David Ramsay (1811). The History of the American Revolution, Vol. 2.

Comments: David Ramsay was a South Carolina doctor turned delegate to the Continental Congress, and later, historian of the war. Ramsay was captured when the British took Charleston in May, 1780. He was imprisoned at the time of Ramsour's Mill.

“The precautions taken to prevent the rising of the royalists in North-Carolina, did not answer the end. Several of the inhabitants of Tryon county, under the direction of Col. Moore took up arms, and were in a few days defeated by the whig militia, commanded by Gen. Rutherford.”

Henry Lee. (1812). Memoirs of the War in the Southern Department of the United States.

Comments: Henry Lee fought in the southern theater of the war as a lieutenant-colonel commanding an American partisan corps. He and his corps arrived in the southern theater months after the battle of Ramsour's Mill. His account appears to have been based on that of William Gordon, described above. Lee, however, named the site of the battle (although it is misspelled).

“A large body of loyalists collected under colonel Moore at Armsaour's [sic] mill on the 22d of June; among whom were many who had not only taken the oath of allegiance to the state, but had served in arms against the British army. Rutherford lost no time in taking his measures to bring Moore to submission. But so destitute was he of ammunition that only three hundred men could be prepared for the field. This detachment was intrusted to colonel Locke, who was ordered to approach the enemy and watch his motions, while Rutherford continued to exert himself in procuring arms for the main body to follow under his own direction.

“Moore, finding an inferior force near to him, determined to attack it, in which decision he was gallantly anticipated by Locke, who, perceiving the enemy's purpose, and knowing the hazard of retreat, fell upon Moore in his camp. Captain Falls with the horse, led, and rushing suddenly, sword in hand, into the midst of the insurgents, threw them into confusion which advantage Locke pressed forward to improve, when he suspended the falling blow in consequence of colonel Moore proposing a truce for an hour with the view of amicable adjustment. During the negotiation, Moore and his associates dispersed, which appears to have been their sole object in proposing the suspension of hostilities.”

Friday, July 2, 2010

Ramsour’s Mill: Initial Descriptions

Despite the fact that Ramsour's Mill appears to have been a crucial American victory – even a turning point, in the southern theater – the battle is little discussed in correspondence from that time.

Consider three letters written shortly after the battle: North Carolina governor Abner Nash to Virginia governor Thomas Jefferson on June 25, James Monroe to Thomas Jefferson on June 26, and Major-General Johann de Kalb to General George Washington on June 29.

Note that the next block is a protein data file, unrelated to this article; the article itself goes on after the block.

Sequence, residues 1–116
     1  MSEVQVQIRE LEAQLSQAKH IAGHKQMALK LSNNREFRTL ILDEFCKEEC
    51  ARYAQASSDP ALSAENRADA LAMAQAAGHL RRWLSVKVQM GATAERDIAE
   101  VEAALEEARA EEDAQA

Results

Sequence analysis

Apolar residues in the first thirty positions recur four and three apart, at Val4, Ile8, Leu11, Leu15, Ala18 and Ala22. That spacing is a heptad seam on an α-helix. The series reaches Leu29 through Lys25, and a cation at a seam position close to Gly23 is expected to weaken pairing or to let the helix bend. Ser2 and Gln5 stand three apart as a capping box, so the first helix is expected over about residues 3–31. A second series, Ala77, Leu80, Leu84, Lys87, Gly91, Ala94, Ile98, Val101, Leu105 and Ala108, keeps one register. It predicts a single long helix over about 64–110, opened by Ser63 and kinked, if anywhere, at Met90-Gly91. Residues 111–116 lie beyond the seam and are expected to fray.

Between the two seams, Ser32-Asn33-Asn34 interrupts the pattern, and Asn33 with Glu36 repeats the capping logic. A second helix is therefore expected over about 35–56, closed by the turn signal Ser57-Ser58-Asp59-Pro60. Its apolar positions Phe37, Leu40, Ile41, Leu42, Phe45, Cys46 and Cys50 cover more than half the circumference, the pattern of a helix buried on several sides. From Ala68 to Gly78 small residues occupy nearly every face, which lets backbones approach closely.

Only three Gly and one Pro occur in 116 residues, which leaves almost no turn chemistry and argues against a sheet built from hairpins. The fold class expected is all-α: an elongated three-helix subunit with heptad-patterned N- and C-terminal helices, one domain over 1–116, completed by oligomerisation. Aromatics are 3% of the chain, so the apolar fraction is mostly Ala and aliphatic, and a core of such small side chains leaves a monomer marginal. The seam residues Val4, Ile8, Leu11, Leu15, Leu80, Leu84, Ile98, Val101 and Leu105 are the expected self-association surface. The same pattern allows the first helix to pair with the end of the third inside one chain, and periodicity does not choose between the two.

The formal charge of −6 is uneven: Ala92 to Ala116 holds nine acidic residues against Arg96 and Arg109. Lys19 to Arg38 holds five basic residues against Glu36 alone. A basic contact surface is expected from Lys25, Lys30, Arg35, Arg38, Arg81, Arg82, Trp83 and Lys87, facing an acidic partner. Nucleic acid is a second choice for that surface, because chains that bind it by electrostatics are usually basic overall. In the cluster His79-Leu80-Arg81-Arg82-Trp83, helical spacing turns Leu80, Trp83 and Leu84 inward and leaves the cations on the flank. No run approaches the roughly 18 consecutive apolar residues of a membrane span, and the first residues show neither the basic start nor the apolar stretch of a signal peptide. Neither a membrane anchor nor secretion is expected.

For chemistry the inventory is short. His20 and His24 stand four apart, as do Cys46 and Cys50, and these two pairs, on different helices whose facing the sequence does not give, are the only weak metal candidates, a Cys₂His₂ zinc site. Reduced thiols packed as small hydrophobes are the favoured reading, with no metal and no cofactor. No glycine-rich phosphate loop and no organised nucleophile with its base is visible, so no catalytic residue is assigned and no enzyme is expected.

Nash and Monroe referred to a brigade of North Carolina militia commanded by Brigadier-General Griffith Rutherford, but provided no hint that some of Rutherford’s men have won a victory at Ramsour’s Mill. In fact, their letters do not even suggest that there was significant Loyalist opposition in that part of the state. The letter by de Kalb is the only one of the three to refer to a Loyalist threat: he mentioned to Washington that a detachment of his men were in Guilford County helping the local militia defend themselves against their Loyalist counterparts. It’s unclear whether de Kalb was even aware of Rutherford’s force. Although he complained that “I am quite in the dark as to all eternal News from the South as well as from the East,” Rutherford’s force to the west was missing from a report he gave of American forces in the state.

Nash, Monroe, and de Kalb agreed on one thing: the main problem facing the Americans was a lack of provisions. Monroe noted that because of a lack of provisions, “…the Army under General de Kalb at Hillsboro, and that under General Caswell here [Cross Creek], are no longer able to hold those Stations and are in that dilemma, that they have only the alternative of advancing shortly on the Enemy or retiring to Virginia.” De Kalb complained that “We live from hand to mouth, and get very little, but what is collected by Detachments, and brought in with our Baggage Waggons [from] the Scatter’d few farms in this part…” As a consequence he was forced to put his men on reduced rations. [for a map of American dispositions, see here].

Perhaps the earliest written record of the battle of Ramsour’s Mill appears in the journal of Anthony Allaire, a lieutenant with the American Volunteers. On June 23 (i.e., 3 days afterwards), he wrote:

“Lay in the field at Ninety-Six [South Carolina]. Some friends came in, four were wounded. The militia had embodied at Tuckasegie [Tuckasegee], on the South Fork of Catawba river-were attacked by a party of Rebels, under command of Gen. [Griffith] Rutherford. The [Loyalist] militia were scant of ammunition, which obliged them to retreat. They were obliged to swim the river at a mill dam. The Rebels fired on them and killed thirty. Col. [Patrick] Ferguson, with forty American Volunteers, pushed with all speed in pursuit of the Rebels. It is seventy miles distance from Ninety-Six. The militia are flocking to him [i.e., Ferguson] from all parts of the country.”